Disability: Any student who has a disability that may require some special arrangements in order to fulfill the course requirements should contact the Disability Resource Center at the start of the course to make appropriate arrangements. The DRC is located in 116 Smith Memorial Student Union, and their phone number is (503) 725-XXXX.

Topics: True academic inquiry must follow its own course. For this reason, there may be changes and additions to the schedule that follows.


Week One: Brazil until Independence

Class on September 30th

Lecture: Brazil at Independence

Video: “Brazil Diaries”


Cao, Benito. “White Hegemony in the (Re)birth of Brazil” Humanities Research, 2011.

Maxwell, Kenneth. “Why Was Brazil Different,” Council of Foreign Relations (April 25, 2000).

Pessis, et al, “Pedra Furada, Brazil: Paleoindians, Paintings and Paradoxes,” Athena Review, 3:2.


Map of Indigenous Peoples

The Portuguese Empire

Political Map of Brazil

A map of Europe superimposed on Brazil

Week Two: Slavery Race and Empire

Class on October 7th.


Abolition and Abdication: the Paraguayan War to the Foundation of the Republic

Discussion: Video: “Brazil in Black and White” and “Brazil: A Racial Paradise?” We will also discuss the reading on modern day slavery in Brazil.


Brazil in Black and White: Skin color and higher education

Brazil: A Racial Paradise?

Trailer: Eliza Lynch: A documentary (Youtube).


Maria Helena Pereira Toledo Machado, “From Slave Rebels to Strikebreakers: the Quilombo of Japaquara and the Problem of Citizenship in Late-Nineteenth Century Brazil.”

Newspaper article on slavery in modern Amazonia.

Crowdlink: Modern Day slavery in Brazil. Read two articles or posts at this website.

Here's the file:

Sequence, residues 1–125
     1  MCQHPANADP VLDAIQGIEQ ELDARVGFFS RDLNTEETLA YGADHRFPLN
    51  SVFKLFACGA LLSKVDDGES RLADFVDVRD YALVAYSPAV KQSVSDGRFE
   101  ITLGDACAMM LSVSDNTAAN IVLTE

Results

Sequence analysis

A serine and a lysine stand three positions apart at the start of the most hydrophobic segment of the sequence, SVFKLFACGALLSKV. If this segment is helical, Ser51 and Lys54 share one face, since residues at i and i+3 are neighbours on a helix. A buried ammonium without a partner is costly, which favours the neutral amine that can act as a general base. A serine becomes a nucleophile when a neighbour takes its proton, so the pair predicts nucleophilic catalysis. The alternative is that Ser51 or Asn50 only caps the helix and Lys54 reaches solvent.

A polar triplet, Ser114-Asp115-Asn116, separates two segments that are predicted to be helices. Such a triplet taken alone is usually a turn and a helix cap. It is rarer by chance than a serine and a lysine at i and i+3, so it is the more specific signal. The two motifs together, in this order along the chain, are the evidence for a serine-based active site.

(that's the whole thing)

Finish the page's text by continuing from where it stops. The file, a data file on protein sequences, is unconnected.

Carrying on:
Week Three: Elites versus Masses in the Northeast

Class on October 14th.




Discussion: Quilombos and their legacies; Bioterrorism in Brazil’s Northeast.

Video: Lampião


Gerald Greenfield, “Lampião, Luiz and Padim Ciço: Three Icons of the Brazilian Northeast” Memory Studies, 2:393 (2009): 393-410.

Charles C. Mann and Susanna Hecht, “Where Slaves Ruled.” National Geographic website.

Smallman’s blog posts: “Witches’ Broom” and “Video Review- the Knot: a deliberate human act.”

Week 4: Cities and Favelas

Class on October 21st.

Discussion: Carolina Maria de Jesus: Child of the Dark

Lecture: Brasilia

Discussion: “Oscar Niemeyer” and “Urban Planning Challenges”

Reading and Video:

Book: Carolina Maria de Jesus, Child of the Dark.

Video: Oscar Niemeyer: A Vida e um Sopro (in Portuguese with English subtitles)

Brazil: Urban Planning Challenges

Week 5: The Military and Politics

Class on October 28th

Lecture: Old Republic through Military Rule

Discussion: Military Terror in Brazil- articles by Smallman, as well as material on Brazil’s Truth Commission.


Shawn Smallman, “The Professionalization of Military Terror in Brazil, 1945-1964″ Luso-Brazilian Review 37/1 (2000): 1-12